Tobacco Cells

Tobacco BY-2 cells are nongreen, fast growing plant cells which can multiply their numbers up to 100-fold within one week in adequate culture medium and good culture conditions. This cultivar of tobacco is kept as a cell culture and more specifically as cell suspension culture (a specialized population of cells growing in liquid medium, they are raised by scientists in order to study a specific biological property of a plant cell). In cell suspension cultures, each of the cells is floating independently or at most only in short chains in a culture medium. Each of the cells has similar properties to the others. The model plant system is comparable to HeLa cells for human research. Because the organism is relatively simple and predictable it makes the study of biological processes easier, and can be an intermediate step towards understanding more complex organisms. They are used by plant physiologists and molecular biologists as a model organism.

They are used as model systems for higher plants because of their relatively high homogeneity and high growth rate, featuring still general behaviour of plant cell. The diversity of cell types within any part of a naturally grown plant (in vivo) makes it very difficult to investigate and understand some general biochemical phenomena of living plant cells. The transport of a solute in or out of the cell, for example, is difficult to study because the specialized cells in a multicellular organism behave differently. Cell suspension cultures such as tobacco BY-2 provide good model systems for these studies at the level of a single cell and its compartments because tobacco BY-2 cells behave very similarly to one another. The influence of neighbouring cells behavior is in the suspension is not as important as it would be in an intact plant. As a result any changes observed after a stimulus is applied can be statistically correlated and it could be decided if these changes are reactions to the stimulus or just merely coincidental. In this moment BY-2 cells are relatively well understood and often used in research. This model plant system is especially useful for studies of cell division, cytoskeletons, plant hormone signaling, intracellular trafficking, and organelle differentiation.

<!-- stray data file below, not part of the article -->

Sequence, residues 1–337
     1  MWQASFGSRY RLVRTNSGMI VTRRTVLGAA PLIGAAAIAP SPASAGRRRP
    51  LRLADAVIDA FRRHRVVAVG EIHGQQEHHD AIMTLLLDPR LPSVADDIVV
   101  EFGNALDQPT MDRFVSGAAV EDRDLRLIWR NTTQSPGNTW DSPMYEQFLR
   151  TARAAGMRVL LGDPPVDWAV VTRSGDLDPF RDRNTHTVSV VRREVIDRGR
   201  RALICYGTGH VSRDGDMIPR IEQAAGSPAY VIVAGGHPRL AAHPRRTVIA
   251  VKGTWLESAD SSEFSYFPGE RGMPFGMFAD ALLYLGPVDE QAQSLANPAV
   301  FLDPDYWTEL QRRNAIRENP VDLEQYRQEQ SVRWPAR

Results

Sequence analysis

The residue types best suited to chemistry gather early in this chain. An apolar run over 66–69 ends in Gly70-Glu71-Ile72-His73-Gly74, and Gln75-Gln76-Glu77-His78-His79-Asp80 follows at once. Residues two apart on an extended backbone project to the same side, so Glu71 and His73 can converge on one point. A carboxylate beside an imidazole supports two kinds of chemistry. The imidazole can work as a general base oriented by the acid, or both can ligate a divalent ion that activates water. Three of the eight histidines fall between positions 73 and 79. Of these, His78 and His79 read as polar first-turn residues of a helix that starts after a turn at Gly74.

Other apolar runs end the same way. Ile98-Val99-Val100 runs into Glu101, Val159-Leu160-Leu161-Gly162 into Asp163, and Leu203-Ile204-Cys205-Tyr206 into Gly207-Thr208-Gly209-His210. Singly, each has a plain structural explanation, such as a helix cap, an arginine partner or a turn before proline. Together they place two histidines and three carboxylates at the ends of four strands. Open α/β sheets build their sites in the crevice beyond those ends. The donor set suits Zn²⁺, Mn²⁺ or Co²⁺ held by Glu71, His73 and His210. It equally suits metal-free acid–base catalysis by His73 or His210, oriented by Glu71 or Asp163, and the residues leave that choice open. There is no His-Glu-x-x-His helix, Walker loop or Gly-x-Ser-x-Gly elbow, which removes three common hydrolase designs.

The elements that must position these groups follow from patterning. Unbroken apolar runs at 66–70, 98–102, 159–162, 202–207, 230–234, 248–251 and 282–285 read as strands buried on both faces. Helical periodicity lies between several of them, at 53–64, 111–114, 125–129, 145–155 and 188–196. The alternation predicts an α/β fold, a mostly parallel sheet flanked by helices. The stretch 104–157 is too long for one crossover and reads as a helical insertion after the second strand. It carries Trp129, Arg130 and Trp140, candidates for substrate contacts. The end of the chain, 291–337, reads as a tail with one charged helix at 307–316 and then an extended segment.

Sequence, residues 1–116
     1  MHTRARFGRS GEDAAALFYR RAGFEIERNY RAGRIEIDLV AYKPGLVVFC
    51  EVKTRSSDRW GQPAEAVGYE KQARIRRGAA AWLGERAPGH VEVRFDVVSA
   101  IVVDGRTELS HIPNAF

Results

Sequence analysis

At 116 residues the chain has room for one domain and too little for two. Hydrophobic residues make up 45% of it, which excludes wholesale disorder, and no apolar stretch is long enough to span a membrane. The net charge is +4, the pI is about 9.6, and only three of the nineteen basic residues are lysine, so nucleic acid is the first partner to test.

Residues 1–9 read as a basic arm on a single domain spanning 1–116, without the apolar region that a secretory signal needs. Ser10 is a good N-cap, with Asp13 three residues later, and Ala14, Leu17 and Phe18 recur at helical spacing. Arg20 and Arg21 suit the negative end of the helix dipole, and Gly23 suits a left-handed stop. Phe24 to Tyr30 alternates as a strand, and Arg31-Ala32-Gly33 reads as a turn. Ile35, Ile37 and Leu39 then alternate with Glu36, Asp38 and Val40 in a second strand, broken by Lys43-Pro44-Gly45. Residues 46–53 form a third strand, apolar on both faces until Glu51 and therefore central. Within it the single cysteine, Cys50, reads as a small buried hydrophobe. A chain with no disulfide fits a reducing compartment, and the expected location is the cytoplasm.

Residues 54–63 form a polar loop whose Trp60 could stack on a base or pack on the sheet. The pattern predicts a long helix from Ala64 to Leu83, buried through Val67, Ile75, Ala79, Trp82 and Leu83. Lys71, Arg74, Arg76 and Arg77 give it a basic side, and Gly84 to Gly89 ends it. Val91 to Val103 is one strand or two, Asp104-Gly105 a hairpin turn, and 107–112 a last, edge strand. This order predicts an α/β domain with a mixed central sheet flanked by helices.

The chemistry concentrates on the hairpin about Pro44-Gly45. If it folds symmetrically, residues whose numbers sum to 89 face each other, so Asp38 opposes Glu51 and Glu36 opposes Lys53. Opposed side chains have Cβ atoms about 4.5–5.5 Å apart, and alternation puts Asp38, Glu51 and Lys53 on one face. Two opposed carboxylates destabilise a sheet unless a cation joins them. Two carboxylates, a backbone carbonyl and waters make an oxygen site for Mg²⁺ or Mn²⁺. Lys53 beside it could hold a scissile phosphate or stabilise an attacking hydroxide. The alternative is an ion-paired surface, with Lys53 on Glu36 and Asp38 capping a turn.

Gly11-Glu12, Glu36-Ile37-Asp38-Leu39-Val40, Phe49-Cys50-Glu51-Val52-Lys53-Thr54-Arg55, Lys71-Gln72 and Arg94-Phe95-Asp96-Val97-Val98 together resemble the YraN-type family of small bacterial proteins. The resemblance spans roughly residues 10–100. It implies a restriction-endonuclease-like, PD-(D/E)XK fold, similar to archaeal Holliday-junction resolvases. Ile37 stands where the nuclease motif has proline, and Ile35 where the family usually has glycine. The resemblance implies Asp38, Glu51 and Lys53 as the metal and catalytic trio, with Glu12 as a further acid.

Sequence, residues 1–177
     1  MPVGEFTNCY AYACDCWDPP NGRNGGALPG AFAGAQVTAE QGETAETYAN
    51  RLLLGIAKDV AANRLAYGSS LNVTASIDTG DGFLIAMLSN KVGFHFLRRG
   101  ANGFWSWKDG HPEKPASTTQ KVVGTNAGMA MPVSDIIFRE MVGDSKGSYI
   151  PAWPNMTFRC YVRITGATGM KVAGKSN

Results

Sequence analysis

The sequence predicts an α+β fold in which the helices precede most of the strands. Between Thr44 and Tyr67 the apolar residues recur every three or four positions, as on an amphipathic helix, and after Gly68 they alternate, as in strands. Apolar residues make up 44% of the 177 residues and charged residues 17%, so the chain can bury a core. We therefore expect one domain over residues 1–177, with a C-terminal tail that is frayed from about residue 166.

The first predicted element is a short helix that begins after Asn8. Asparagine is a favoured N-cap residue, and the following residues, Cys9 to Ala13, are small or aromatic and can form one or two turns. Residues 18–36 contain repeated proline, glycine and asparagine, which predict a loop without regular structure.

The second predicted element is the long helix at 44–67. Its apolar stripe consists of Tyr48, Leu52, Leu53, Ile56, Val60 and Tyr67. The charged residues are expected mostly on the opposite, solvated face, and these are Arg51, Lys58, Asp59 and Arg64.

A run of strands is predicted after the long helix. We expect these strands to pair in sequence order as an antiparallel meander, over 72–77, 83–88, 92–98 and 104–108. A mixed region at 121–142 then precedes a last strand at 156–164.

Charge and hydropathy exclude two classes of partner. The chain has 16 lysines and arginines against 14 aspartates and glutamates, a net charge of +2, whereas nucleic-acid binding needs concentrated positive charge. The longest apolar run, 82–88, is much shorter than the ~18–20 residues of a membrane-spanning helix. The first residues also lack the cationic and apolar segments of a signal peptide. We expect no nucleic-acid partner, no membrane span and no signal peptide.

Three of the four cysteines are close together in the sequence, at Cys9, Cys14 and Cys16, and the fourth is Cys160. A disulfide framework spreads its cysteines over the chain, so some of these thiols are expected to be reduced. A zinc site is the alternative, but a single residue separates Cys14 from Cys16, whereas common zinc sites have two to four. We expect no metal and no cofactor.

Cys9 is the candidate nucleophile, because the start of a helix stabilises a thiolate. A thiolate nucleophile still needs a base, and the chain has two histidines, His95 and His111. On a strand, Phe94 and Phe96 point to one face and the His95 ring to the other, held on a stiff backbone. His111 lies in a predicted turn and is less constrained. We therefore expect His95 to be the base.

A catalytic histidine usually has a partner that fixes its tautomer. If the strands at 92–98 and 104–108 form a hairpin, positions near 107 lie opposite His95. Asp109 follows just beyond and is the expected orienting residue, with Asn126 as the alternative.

Anthocyanin production in tobacco cells lines

Anthocyanins are a widely distributed group of water-soluble pigments that colour the fruit and flowers of many plants. More than 650 different anthocyanins have been identified, distinguished by methylation, hydroxylation, glycosylation and acylation with both aliphatic and aromatic groups. The colour of anthocyanins is influenced by the degree of aromatic acylation, pH, co-pigmentation with other phenolic compounds, metal complexation and can range from orange, through red, pink and purple to blue. Consumption of anthocyanin-rich food promotes health, supported by many recent studies of anthocyanin-rich fruits such as blood orange, blueberry, bilberry and cranberry, anthocyanin-rich corn and fruits engineered to be rich in anthocyanins. Thus, modifying biosynthetic and regulatory genes of anthocyanins can drastically increase anthocyanin production in plants. Appelhagen and colleagues use tobacco (Nicotiana tabacum) cell lines to produce high levels of different anthocyanins. These tobacco cell lines stably produce anthocyanins and the production can be scaled up in fermenters. They also show how this system can be moved into other plant species, such as Arabidopsis.